OAKLAND -- Felix Hernandez would like to pitch for Venezuela in the 2013 World Baseball Classic, which means the Mariners ace could miss a good chunk of Spring Training next year.
Hernandez said Sunday he's talked with the Mariners about playing in the tournament, just as he did in 2009 when Venezuela advanced to the semifinals on March 21 before he joined the club. That year, the regular season started on April 6 and Hernandez went on to pitch one of his best seasons for Seattle, going 19-5 with a 2.49 ERA.
He's already begun formulating an offseason training plan with Mariners trainer Rick Griffin to get ready for the earlier start. The 2013 WBC will run from March 2-19. Mariners camp typically opens with pitchers and catchers reporting in mid-February, with the first regular season game on April 1.
"I've been talking about that with Rick," Hernandez said. "I want to play. I played in 2009 and it was a great experience. I started working out a little early that year, but it was a great experience, and I want to be part of that."
Manager Eric Wedge said the WBC is a "personal choice" for players, and the club will work with those who want to play.
Ichiro Suzuki played for the champion Japan team in 2009, as did current Mariners Munenori Kawasaki and Hisashi Iwakuma. Ichiro now is with the Yankees and Kawasaki and Iwakuma will be free agents, so it's not certain they'll be back with Seattle.
Rookie pitcher Erasmo Ramirez is interested in playing for Nicaragua, and outfielder Michael Saunders said he'd welcome an invitation from Team Canada, which recently clinched a berth.
"I haven't been approached yet, but if I'm offered the opportunity it would be a great honor," Saunders said. "I had a chance to play in the Olympics, but during the '09 WBC I'd had shoulder surgery and couldn't play, and in '06 I was too young.
"I love representing my country, and it's always been a lot of fun," said Saunders. "Canadians are a tight fraternity. We all know each other and root for each other. So I'd love to play. But obviously I have to make sure I'm ready for the season next year before I'm representing my country. I'm a Mariner first."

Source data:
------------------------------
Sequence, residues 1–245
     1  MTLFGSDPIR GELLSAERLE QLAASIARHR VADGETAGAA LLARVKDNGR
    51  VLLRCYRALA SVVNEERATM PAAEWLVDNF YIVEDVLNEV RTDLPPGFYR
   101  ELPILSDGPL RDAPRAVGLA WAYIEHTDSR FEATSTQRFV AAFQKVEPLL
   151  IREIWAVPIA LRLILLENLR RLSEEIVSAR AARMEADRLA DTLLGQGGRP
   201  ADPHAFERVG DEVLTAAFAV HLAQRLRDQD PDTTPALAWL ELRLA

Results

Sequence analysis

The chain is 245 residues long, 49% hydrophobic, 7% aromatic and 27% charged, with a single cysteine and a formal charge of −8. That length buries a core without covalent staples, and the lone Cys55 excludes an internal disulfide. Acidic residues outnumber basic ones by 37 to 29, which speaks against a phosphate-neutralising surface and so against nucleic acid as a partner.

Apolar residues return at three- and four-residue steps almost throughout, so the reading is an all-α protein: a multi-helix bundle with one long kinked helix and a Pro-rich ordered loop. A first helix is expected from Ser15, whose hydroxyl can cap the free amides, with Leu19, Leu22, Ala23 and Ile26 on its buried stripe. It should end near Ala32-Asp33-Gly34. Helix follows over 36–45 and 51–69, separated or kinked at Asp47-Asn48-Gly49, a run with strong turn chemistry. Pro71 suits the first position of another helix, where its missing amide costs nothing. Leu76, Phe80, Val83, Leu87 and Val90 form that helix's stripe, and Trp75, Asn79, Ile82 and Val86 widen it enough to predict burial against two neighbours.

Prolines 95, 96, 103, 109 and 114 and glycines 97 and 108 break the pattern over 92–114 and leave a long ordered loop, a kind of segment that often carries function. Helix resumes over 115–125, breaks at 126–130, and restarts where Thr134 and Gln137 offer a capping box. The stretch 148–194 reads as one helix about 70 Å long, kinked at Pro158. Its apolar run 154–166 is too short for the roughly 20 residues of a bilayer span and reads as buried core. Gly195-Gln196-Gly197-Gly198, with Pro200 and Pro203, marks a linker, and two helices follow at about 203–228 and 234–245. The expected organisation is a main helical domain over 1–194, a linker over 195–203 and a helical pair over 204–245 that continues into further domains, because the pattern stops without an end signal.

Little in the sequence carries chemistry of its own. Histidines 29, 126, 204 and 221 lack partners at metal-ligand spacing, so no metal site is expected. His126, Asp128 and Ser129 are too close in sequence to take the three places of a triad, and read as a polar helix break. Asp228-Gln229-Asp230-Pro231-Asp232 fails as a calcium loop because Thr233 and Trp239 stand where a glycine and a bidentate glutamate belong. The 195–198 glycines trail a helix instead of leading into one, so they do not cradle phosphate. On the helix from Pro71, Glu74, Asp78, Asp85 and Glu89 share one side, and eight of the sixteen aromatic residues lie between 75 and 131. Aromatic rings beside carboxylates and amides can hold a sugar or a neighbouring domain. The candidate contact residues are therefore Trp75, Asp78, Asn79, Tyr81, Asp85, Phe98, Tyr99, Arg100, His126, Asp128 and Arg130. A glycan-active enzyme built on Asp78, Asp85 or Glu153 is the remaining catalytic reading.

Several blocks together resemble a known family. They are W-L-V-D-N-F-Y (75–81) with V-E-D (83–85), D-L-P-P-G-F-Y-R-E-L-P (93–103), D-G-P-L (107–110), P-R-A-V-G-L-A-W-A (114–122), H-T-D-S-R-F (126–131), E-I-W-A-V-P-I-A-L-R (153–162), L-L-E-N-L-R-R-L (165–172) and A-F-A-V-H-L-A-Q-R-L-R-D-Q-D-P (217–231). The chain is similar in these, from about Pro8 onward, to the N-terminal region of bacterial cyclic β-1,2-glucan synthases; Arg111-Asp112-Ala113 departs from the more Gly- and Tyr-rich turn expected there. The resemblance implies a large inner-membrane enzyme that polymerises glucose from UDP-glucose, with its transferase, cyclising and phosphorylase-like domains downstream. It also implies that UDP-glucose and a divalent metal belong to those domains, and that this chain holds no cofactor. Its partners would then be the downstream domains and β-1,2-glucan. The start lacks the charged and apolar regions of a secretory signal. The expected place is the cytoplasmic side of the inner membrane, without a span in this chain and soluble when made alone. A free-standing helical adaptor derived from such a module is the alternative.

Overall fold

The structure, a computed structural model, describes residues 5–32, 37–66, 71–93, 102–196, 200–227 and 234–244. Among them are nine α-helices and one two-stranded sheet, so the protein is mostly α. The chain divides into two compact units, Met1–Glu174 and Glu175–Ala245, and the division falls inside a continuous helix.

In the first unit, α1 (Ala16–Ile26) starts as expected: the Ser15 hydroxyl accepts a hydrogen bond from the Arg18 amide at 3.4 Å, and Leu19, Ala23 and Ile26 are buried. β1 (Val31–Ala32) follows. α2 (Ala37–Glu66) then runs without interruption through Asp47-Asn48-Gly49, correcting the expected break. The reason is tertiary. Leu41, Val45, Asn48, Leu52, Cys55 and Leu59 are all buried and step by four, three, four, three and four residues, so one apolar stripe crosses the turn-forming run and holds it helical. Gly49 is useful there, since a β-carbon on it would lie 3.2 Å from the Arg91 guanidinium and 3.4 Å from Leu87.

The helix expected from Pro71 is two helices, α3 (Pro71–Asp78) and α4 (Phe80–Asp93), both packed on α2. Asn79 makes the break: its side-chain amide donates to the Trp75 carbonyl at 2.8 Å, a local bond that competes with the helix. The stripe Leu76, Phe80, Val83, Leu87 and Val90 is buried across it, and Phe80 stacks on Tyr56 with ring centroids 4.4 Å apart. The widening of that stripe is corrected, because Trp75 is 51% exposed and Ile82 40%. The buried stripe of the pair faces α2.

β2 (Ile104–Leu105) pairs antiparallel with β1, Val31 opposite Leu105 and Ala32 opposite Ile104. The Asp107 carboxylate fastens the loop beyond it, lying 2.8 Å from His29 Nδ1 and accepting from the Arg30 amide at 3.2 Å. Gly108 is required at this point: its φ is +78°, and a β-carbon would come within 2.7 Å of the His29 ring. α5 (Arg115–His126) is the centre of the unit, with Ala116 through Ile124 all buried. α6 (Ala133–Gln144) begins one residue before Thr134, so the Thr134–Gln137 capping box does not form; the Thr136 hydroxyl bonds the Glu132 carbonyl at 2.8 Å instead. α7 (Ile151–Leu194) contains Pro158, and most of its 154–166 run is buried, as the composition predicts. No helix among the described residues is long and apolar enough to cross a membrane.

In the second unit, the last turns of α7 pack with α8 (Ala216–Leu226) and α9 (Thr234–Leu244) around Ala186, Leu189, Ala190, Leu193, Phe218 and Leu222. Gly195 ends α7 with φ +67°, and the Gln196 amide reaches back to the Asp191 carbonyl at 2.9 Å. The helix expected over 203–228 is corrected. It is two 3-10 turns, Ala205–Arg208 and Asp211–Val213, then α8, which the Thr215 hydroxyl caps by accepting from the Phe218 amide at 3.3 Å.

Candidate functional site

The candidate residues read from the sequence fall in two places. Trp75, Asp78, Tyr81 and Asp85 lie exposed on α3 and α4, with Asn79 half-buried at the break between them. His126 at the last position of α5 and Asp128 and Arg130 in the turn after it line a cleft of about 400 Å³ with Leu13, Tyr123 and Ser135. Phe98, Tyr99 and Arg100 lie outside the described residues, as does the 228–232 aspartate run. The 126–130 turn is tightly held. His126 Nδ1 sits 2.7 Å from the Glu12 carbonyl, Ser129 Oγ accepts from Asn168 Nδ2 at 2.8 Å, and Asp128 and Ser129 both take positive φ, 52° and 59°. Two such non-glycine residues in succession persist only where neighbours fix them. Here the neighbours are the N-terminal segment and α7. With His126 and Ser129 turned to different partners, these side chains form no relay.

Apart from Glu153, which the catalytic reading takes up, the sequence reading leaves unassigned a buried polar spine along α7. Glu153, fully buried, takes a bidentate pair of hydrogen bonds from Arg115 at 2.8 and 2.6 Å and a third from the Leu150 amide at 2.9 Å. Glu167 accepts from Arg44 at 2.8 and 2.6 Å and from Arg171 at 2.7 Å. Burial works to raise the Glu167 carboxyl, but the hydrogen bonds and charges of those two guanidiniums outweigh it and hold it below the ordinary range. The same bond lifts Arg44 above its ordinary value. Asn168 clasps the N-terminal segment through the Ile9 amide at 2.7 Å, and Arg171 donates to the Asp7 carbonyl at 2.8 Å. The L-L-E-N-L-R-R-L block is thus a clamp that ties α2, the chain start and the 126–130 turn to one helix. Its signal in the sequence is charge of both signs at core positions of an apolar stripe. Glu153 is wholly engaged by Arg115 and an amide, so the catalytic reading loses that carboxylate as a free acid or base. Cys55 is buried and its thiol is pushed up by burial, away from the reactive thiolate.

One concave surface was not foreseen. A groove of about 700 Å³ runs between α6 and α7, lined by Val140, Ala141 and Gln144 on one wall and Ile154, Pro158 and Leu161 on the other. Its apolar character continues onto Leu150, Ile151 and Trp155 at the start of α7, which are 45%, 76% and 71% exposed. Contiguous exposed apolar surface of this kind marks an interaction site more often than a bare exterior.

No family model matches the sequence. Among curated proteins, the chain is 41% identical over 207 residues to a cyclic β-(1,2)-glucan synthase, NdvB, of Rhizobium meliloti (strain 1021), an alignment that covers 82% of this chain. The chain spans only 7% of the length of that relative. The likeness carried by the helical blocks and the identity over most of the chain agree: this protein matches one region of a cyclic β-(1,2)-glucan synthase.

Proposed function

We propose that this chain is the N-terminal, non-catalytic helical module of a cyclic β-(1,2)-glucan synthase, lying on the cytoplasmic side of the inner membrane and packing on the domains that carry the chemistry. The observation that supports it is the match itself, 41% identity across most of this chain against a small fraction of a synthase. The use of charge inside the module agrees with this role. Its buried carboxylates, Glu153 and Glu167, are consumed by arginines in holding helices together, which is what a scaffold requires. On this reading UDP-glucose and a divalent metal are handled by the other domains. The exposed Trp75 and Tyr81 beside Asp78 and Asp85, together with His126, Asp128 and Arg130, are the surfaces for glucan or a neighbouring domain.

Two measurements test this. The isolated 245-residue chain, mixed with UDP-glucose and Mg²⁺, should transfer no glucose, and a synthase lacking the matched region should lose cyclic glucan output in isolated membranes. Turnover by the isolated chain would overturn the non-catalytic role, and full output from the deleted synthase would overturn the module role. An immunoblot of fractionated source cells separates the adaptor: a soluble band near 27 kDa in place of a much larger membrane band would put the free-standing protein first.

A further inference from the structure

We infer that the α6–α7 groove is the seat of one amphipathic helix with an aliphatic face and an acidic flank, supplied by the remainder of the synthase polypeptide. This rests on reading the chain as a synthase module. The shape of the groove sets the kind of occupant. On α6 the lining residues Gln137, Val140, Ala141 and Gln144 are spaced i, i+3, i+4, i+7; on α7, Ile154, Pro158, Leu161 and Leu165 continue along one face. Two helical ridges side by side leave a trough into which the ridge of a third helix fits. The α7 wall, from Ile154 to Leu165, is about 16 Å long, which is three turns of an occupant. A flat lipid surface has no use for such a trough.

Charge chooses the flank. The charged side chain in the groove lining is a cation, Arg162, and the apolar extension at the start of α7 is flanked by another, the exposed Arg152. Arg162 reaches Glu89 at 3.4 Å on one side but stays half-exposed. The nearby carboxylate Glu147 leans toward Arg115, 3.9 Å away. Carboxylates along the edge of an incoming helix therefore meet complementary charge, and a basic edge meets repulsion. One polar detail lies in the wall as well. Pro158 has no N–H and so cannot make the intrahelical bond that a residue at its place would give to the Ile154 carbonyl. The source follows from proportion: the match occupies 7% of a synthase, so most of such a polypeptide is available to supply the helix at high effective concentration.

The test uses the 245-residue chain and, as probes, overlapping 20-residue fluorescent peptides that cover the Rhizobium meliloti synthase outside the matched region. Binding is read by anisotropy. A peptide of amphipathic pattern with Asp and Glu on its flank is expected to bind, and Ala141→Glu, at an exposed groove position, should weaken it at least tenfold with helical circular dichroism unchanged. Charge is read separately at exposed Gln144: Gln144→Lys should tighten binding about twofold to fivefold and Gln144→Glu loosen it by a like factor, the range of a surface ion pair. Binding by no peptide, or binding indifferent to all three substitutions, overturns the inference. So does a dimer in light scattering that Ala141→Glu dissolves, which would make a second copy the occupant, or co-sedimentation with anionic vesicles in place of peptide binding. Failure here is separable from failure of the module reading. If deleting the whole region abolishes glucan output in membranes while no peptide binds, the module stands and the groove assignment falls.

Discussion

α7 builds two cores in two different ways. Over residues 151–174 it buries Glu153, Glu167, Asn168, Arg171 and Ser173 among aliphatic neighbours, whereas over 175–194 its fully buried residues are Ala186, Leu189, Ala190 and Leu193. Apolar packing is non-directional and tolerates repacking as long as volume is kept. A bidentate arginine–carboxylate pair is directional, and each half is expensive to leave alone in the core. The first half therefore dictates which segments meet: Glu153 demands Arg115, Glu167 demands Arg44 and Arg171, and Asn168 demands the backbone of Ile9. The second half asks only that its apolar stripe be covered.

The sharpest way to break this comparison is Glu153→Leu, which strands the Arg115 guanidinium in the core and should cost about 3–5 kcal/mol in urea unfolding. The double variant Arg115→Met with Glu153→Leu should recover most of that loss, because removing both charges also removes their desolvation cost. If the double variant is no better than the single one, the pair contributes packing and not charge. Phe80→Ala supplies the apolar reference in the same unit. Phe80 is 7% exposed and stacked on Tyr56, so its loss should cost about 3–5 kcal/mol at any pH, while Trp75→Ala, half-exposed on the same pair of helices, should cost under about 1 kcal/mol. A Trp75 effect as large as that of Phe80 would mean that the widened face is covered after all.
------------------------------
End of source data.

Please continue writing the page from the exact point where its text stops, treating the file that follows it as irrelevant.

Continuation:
Vargas proves durable throughout season
OAKLAND -- Jason Vargas didn't win his final start Saturday when a late-inning bullpen meltdown left him in a no-decision, but the Mariners lefty extended his career high in innings and continued establishing himself as a dependable part of Seattle's pitching future.
Vargas, 29, enters his final season of arbitration eligibility this offseason and thus is a year from free agency. He's certainly made a strong point to his value after going 14-11 with a 3.85 ERA in 217 1/3 innings.
Going into Sunday's games, Vargas was sixth in the Majors in innings behind the impressive list of Justin Verlander (238 1/3), R.A. Dickey (227 2/3), Felix Hernandez (226 2/3), Clayton Kershaw (219 2/3) and James Shields (218 2/3).
"I felt great about that," Vargas said of posting his second straight 200-plus inning season. "It just means I'm giving our team an opportunity to win and being somebody they can rely on. That's my main goal. Obviously I want to win games, but I'd rather be out there to keep us in it as long as possible."
Manager Eric Wedge said Vargas deserved to win 17 or 18 games this season.
"He put together a complete season and really came into his own this year," Wedge said.
Vargas has struggled in the second half in previous seasons, but this year he was 6-4 with a 3.55 ERA in 14 starts after the All-Star break.
"Being able to take the first half into the second half has been a struggle for me," he said. "So to do as well as I did after the break is awesome to me. It's that next step. That and being able to limit games that get out of control. I had a couple hiccups, but nothing really where I let the game get out of control."
Saunders within range of a 20-20 season
OAKLAND -- When Michael Saunders hit his 19th home run in Saturday's 7-4 loss to the A's, it moved him within one long ball from becoming the Mariners' first 20-20 man since Mike Cameron in 2002.
Manager Eric Wedge said that's a great reflection on the type of player Saunders has become in his breakout season.
"We talk about him being a complete player, and that's one of the indicators of it," Wedge said prior to Sunday's series finale with the A's. "He's just been so much better this year. He's really coming into his own and he's doing it with a complete game, whether it be at home plate or in the outfield or on the basepaths. I think he has somewhat of a leadership personality and persona, too, and I like that."
Saunders, who stole his 21st base earlier in Saturday's game, said he's not worrying yet about such accomplishments.
"Right now I'm not concerned with it," he said. "At the end of the year, I'll reflect on my performance. Sometimes numbers don't do a player justice. Once the year is over I'll reflect. But I've still got to take care of business and help the ballclub however I can [in] these last games."